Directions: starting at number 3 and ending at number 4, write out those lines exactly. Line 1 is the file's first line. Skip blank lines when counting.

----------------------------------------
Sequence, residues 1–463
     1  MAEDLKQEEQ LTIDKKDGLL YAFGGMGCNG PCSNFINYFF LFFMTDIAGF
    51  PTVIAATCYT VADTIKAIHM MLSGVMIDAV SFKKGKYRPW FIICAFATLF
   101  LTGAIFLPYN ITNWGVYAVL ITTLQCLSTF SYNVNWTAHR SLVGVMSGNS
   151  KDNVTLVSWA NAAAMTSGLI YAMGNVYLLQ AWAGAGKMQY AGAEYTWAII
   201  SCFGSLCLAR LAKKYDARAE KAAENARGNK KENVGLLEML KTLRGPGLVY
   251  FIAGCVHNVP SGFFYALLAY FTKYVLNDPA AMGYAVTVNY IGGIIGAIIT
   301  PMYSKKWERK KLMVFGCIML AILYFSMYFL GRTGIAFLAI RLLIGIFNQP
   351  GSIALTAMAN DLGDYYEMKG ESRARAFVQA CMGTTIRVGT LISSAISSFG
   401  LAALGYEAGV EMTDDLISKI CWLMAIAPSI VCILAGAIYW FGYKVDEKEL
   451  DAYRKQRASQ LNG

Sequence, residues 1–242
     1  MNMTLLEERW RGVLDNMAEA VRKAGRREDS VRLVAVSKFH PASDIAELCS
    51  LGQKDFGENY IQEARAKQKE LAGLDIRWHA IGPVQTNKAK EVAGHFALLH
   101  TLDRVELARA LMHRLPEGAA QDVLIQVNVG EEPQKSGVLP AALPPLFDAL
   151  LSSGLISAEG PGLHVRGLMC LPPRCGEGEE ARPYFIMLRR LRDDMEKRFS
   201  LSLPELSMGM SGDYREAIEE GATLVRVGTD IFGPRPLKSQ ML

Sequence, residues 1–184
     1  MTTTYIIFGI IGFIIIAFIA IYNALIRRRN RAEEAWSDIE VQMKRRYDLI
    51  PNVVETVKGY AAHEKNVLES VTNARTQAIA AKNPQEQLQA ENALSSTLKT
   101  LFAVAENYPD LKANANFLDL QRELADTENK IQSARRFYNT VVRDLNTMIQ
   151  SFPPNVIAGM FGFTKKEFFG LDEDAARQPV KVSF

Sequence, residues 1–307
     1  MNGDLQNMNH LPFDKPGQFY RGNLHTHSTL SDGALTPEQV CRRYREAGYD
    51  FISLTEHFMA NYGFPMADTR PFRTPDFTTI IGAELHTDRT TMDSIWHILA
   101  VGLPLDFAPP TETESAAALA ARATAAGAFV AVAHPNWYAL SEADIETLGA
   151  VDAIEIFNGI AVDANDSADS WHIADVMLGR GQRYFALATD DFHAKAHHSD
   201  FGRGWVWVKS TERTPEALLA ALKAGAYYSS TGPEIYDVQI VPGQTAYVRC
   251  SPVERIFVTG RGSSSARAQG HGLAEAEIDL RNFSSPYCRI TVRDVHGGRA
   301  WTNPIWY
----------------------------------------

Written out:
    51  PTVIAATCYT VADTIKAIHM MLSGVMIDAV SFKKGKYRPW FIICAFATLF
   101  LTGAIFLPYN ITNWGVYAVL ITTLQCLSTF SYNVNWTAHR SLVGVMSGNS